Music supervisor Giles Martin tells IndieWire how machine learning software helped him extract power and energy from Beatles performances without sounding dated.
“Get Back” musical director Giles Martin sees a wonderful irony in the Beatles’ final live performance: one of the last songs the band played on the roof of Apple Corps headquarters is also one of the first collaborations between John Lennon and Paul McCartney. ‘One After 909’, a bluesy American tribute to freight trains, embodied the spirit and energy of The Beatles, who had come full circle after 21 chaotic days of writing, rehearsing and recording a new series. of songs in front of director Lindsay Hogg. documentary cameras. These scrapped sessions would later be consolidated as the band’s swan song, “Let It Be”, but not before the making of their final magnum opus, “Abbey Road”.
The desperate rise of Apple’s rooftop music unit sealed Peter Jackson’s narrative across the line for his Hogg Image Processing miniseries. “Peter and I talked about not making it too bright,” Martin told IndieWire. “We had the opportunity to be in the bedroom with them or on the roof with them. Let’s make you feel like you’re right there in front of them. And when you look at the roof, that’s what you feel.
While mixing the 50th anniversary box set edition of “Let It Be”, Martin – the son of legendary Beatles producer George Martin – detected a different energy from the rooftop performance, of which only “One After 909″, ” I’ve Got a Feeling” and “Dig a Pony” made the original tracklist. “In a funny way, [Jackson’s glimpse through The Beatles looking glass] was trying to make it as real as possible without the technology getting in the way,” Martin added. “As soon as you hear technology, it ages performance.”
Apple Corps Ltd.
Technology, however, was key for Martin to make The Beatles’ performances crisp and powerful without compromising their raw spontaneity. Using Jackson’s crack restoration team, they applied machine learning software to extract the music from the rest of the audio, which proved the most difficult with the initial “Get Back” rehearsals. . Shot on Nagra film at Twickenham Studios, this footage contained mono audio of conversations, crew sounds and performances; when production moved to the band’s Apple studio (and, eventually, to its rooftop), audio was recorded separately on multitrack tape recorders.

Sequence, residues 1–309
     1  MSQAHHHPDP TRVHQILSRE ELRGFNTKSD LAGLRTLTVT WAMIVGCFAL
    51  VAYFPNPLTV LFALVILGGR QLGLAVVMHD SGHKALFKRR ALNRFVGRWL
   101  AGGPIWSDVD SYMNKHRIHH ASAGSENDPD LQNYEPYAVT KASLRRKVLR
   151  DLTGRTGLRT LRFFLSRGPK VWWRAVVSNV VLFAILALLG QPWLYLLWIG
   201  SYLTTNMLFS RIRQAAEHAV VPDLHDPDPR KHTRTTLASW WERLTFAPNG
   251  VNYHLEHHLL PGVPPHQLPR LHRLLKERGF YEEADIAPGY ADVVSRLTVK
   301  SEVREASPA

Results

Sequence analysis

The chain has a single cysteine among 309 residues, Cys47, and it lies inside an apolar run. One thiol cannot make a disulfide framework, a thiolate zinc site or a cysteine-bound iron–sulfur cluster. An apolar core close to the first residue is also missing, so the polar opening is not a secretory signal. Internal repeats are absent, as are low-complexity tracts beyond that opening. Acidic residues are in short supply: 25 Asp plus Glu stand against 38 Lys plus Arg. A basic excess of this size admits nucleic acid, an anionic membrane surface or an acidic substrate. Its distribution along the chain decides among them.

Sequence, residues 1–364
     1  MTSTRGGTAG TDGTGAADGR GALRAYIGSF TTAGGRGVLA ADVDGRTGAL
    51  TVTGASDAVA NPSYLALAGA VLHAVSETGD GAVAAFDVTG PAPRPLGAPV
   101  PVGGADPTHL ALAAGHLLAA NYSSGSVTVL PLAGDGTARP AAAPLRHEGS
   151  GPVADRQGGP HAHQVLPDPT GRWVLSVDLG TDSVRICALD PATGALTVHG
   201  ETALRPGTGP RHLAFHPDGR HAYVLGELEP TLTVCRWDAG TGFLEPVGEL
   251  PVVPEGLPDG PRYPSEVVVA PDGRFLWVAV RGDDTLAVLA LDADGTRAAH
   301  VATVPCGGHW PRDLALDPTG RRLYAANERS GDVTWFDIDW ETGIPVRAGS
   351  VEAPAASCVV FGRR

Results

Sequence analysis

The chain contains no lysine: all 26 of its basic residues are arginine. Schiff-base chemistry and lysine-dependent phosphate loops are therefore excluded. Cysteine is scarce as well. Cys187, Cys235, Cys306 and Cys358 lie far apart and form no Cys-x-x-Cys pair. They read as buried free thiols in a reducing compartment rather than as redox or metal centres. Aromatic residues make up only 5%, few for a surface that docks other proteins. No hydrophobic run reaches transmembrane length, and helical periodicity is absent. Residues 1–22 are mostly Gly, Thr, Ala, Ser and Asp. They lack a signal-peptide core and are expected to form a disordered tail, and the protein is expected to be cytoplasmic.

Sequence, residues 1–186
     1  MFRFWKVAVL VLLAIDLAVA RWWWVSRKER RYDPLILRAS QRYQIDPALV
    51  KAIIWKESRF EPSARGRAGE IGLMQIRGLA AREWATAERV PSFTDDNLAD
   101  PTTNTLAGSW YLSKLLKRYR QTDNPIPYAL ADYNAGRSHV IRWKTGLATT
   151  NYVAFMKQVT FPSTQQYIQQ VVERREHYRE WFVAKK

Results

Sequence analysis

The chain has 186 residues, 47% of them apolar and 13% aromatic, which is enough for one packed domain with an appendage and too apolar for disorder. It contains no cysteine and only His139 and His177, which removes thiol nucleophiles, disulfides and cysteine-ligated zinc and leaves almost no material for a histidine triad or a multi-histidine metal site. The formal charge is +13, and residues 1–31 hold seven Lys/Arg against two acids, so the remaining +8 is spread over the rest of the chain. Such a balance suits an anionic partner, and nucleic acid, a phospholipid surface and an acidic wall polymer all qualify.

“It was about tone and telling the story and having the right balance,” Martin said. “There was more audio than video footage, and there are some bits that are out of sync with the footage. But we were trying to be as honest as possible. The key element of the creative process in “Get Back ” was that you try to capture beauty and honesty.
Martin is still working with Jackson’s restoration team on machine learning and finds it extraordinary. There might even be a place in his future remix of the Beatles catalog (“Rubber Soul” and “Revolver” are particularly complex in terms of separating the tracks). “It’s basically about extraction – to teach the machine to find a voice from a guitar and separate those two elements,” he added. “And that freed us up in things at the end, especially the breadth and quality of the mix once you walk into a movie theater [for the recent IMAX release of the rooftop performance] when everything is amplified, including the frailties of the audio.
Apple Corps Ltd.
The biggest reveal was the IMAX screening, which makes the concert better than in person. “It’s because of the power we can get,” Martin said. “They played hard. The Beatles were not a soft band. It’s almost like my job is to convey the reality, the impact of what it was like to play live and get closer to them. It’s that privileged thing. The whole movie is supposed to be that intimacy.
And the end result was to ensure that viewers weren’t distracted by those “crusty old tape” frailties when watching The Beatles perform. The performance is enhanced by the presence of keyboardist Billy Preston, the “fifth Beatle” (as Lennon considered him) who joined the Apple sessions and the rooftop concert. “Preston was energizing,” Martin said. “He’s a damn good musician that he made them realize he was someone they had to face. The thing about Billy is that he always played the right role and he reminded them of what they are good at and what they need to do.
Martin also appreciates what Jackson brought to the nearly eight-hour, three-part miniseries. “Peter is an incredible filmmaker and a fan,” he said. “I think it was [finding] the identity for them, and the fact that we made the right decision in making it this kind of gargantuan [reality TV] thing. I think we live in a reality TV world anyway. But it’s a much better reality show with the Beatles than the Kardashians. And Peter’s approach was suddenly realizing how privileged it was to pull out a tape and press play and how exciting that was. And I think that’s what he managed to achieve for people.